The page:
Yes, I will eventually release an e-book version of “The Woman in the Briefcase," which I’ll offer free to readers on my list. If you’d rather wait for the free copy, please join my e-newsletter.

I have a post appearing today on EQMM's blog

Today I'm up on Something Is Going to Happen, the official blog of Ellery Queen's Mystery Magazine, talking about a childhood obsession of mine that led to my fascination with mystery and crime fiction. You can check out the article here.

In other news:

* I actually have a story appearing in the March/April issue of EQMM, out on newsstands next week, February 23. I haven't seen a copy yet, but I'm definitely excited. It's my first for that magazine.

* My children's book, Blockhead: The Life of Fibonacci, is finally appearing in stores with a cover medallion announcing its selection as an Honor Book in the Mathical Prize for math-themed children's literature. Yay! Cool to have one of those award thingies on your book cover.

* My local bookstore, Malaprop's, is now officially carrying copies of my self-pubbed fiction and nonfiction.

* If you're reading this via my Tumblr blog, please take a moment to reroute your reader to my official blog at: http://www.josephdagnese.com/blog. I will most likely discontinue the Tumblr feed in the near future. It would be smart to make the move now.



Good News for a Change

Last week I got the nicest note from a reader. This practically never happens, and with all the bad news here lately, it was nice to get this in my inbox:

At the gym today I picked up an Alfred Hitchcock Magazine that somebody had left and I began reading ... I couldn't believe how good the writing was ... one of the best, most enjoyable piece of short fiction that's engaged me since the last blue moon. You were right there with the reader. "Of course it was him." Thanks. President Street, wow.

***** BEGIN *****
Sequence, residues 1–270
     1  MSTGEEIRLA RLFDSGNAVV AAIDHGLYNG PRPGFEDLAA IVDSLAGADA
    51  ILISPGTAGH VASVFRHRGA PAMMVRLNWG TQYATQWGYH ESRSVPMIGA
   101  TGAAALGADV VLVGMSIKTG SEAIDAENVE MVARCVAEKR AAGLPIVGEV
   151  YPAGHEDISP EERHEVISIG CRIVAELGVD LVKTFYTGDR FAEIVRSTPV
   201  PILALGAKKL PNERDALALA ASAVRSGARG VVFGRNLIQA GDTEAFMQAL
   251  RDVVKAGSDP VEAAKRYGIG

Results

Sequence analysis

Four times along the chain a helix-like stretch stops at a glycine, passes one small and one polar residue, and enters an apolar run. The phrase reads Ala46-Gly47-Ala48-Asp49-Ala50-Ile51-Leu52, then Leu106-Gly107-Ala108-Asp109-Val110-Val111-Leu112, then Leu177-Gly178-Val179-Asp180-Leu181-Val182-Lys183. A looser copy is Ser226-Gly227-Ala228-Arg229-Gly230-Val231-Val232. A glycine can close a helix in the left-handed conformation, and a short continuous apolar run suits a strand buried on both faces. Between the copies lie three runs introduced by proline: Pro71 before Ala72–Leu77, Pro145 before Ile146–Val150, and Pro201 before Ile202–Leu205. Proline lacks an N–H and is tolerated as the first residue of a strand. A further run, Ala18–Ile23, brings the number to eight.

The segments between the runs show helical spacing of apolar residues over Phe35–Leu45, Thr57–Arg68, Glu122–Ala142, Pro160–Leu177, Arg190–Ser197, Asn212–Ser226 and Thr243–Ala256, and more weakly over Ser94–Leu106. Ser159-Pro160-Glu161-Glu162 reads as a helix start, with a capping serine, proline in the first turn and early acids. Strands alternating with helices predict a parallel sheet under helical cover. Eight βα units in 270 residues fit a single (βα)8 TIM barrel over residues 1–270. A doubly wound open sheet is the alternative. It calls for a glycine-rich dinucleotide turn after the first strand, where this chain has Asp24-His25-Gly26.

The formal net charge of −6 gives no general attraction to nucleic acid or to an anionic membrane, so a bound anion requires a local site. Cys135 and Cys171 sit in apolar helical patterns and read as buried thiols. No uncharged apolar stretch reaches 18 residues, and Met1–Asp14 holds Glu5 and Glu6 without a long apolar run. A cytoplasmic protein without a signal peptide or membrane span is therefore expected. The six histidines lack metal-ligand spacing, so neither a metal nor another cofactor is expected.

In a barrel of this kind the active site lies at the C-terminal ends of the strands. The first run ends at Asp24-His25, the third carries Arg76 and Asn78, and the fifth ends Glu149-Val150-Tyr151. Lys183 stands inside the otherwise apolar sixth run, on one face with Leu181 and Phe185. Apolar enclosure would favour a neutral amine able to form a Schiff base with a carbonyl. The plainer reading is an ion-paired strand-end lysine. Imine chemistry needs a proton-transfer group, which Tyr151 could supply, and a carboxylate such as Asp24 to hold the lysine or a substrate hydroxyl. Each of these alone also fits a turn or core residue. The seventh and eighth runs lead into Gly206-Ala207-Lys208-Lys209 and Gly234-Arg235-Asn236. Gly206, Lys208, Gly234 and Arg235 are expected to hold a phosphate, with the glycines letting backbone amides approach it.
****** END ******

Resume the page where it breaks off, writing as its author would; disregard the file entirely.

This reader is referring to "Button Man," my first story for AHMM, which appeared in March 2013. I talked about the story here and here. President Street refers to my protag’s home address in Brooklyn, New York, of the 1950s. I’ve since published the story on its own.

The day after I got this note, I received a contract via email, informing me that Ellery Queen’s Mystery Magazine had accepted one of my short stories. I don’t usually take the time to announce here when I’ve sold a story, but EQMM is special. Cracking that market has been a goal of mine for nearly, oh, forty years. I first started reading EQMM as a kid, when I got hooked on the old Ellery Queen TV series, starring Jim Hutton. The Queen novels were among the first adult books I ever read. And the first rejections I ever got as a kid writer were from EQMM. So it means a lot to me to finally appear in their pages. I don't want to talk about the story they bought just yet, but I'll definitely let you know when it runs.

Two great pieces of news in the middle of a bleak winter. Not bad.